kiki_eng: text: "i ate ALL your bees" (Black Books) ("I ate all your bees.")
I'm looking for meta about reccing - anything you can link me would be awesome; I am trying to get my hands on as much as I can.

I've gone through the [ profile] metafandom newsletters on LJ looking for stuff and found a lot. I finished that yesterday and was the most excited person because I had finished all of metafandom, until I realised that, of course, I hadn't, because I still have all of Dreamwidth's [community profile] metafandom to go through. I am at that point in the research phase where the answer to "Will I ever finish researching?" is "NFI." I think I probably have around a hundred links now, but have zero interest in counting to confirm that currently, but I finished going through metafandom's LJ!

I have lots of meta tabs and stuff I still need to go through, still, but feel this is sort of a good time in the process to ask for more links and talk about how I spent my summer vacation. Or okay, not really that last bit, but I have spent a fairly solid chunk of time in the past couple months reading through and skimming the metafandom newletter on LJ and doing the same with the linked stuff, and have decided to write a little bit about that.

The deleted and purged journals were and are sad to me and there's also a good chunk of locked entries in those links now. There would be fascinating excerpts and I would follow the link to... nothing. (It was awful.) It's been interesting being in a space after the party has died down, basically, and it's interesting skimming past all of this meta that I'm not looking for right now, just seeing bits of the titles and excerpts for the most part. One of the things that was really interesting, doing that, is looking at the issues that have cropped up again years later - there have been and are, recurring discussions: Slash and Gay (What is slash? What is gay? Why is a predominately female group writing mostly male slash?); Fandom: We're Here and We Are Pretty Queer, Actually? (There's a way higher percentage of us that ID as some form of queer/not straight than there's supposed to be in the general population.)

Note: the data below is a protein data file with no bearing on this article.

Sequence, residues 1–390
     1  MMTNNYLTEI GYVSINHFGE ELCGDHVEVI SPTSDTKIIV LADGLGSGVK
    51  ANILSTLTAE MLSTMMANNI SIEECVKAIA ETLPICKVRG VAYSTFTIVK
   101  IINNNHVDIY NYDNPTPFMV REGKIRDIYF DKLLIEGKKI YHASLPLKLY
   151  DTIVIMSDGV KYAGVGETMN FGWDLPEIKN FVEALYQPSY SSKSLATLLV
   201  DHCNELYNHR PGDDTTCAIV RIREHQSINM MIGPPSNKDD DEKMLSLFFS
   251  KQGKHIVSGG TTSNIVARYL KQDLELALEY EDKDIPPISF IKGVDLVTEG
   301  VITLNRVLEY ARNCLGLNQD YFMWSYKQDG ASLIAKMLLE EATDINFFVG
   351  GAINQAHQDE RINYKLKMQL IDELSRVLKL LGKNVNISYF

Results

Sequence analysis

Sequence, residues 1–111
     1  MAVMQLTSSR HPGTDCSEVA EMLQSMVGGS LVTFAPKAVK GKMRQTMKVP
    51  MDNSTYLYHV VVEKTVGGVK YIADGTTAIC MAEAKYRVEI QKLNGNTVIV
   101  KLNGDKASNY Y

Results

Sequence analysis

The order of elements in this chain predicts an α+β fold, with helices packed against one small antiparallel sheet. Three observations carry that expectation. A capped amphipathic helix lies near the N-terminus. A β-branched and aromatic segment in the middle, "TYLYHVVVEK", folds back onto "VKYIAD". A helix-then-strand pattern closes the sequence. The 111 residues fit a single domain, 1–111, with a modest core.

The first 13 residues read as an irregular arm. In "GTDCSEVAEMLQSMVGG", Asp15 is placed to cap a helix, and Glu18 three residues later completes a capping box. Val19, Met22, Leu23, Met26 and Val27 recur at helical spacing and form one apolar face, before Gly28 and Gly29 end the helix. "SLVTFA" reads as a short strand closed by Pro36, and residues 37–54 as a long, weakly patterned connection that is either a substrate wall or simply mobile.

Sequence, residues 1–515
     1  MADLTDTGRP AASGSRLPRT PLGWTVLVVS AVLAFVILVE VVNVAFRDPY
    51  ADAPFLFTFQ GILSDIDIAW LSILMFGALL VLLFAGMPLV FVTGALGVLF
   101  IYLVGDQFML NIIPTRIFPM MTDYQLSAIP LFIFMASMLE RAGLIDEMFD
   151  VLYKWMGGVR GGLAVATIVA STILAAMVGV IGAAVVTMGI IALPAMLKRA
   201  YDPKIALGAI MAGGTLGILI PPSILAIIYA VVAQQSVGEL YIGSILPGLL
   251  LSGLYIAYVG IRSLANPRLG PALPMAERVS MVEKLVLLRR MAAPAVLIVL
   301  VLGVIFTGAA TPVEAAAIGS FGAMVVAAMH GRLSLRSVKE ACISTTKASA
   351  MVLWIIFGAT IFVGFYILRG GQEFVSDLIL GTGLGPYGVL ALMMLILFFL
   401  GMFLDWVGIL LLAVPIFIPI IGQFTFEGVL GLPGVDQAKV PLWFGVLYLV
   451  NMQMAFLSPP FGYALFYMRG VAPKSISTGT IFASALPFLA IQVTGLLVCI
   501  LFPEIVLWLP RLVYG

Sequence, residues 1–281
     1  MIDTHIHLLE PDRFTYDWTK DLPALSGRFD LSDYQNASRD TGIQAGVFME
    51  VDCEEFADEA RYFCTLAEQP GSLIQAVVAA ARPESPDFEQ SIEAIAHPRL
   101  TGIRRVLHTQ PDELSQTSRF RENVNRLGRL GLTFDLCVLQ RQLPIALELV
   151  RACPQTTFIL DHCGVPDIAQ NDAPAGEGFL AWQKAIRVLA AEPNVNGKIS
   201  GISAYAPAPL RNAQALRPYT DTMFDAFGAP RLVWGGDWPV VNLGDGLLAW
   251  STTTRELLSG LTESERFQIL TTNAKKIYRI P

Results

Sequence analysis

...and I found some old ace meta that I suspect a few people on my flist may be interested in. (One link totally demonstrates that cyclical discussions thing.)

[meta-ish] why can't we all just get along? (said the spider to the fly) by [ profile] duskwings (2006, April 3)
I guess that my very, very long point is that ... I don't see why there is wank over asexuality versus ship, when you can just as easily ignore the other side and go back to the porn. Or ... the not-porn, as the case may be. Of course, you could say the same of ship wars, so I guess that's kind of a moot point.

Being an asexual slasher. by [ profile] nike_victory (2006, July 1)
I saw this poll through metafandom about sexuality and fandom and whether we're all as straight as people seem to think we are. I thought it was a great idea, except I couldn't actually answer the poll unless I wanted to skew the results. Since I didn't want that, I decided to comment on it, only to find my comment becoming much too long and rather off topic.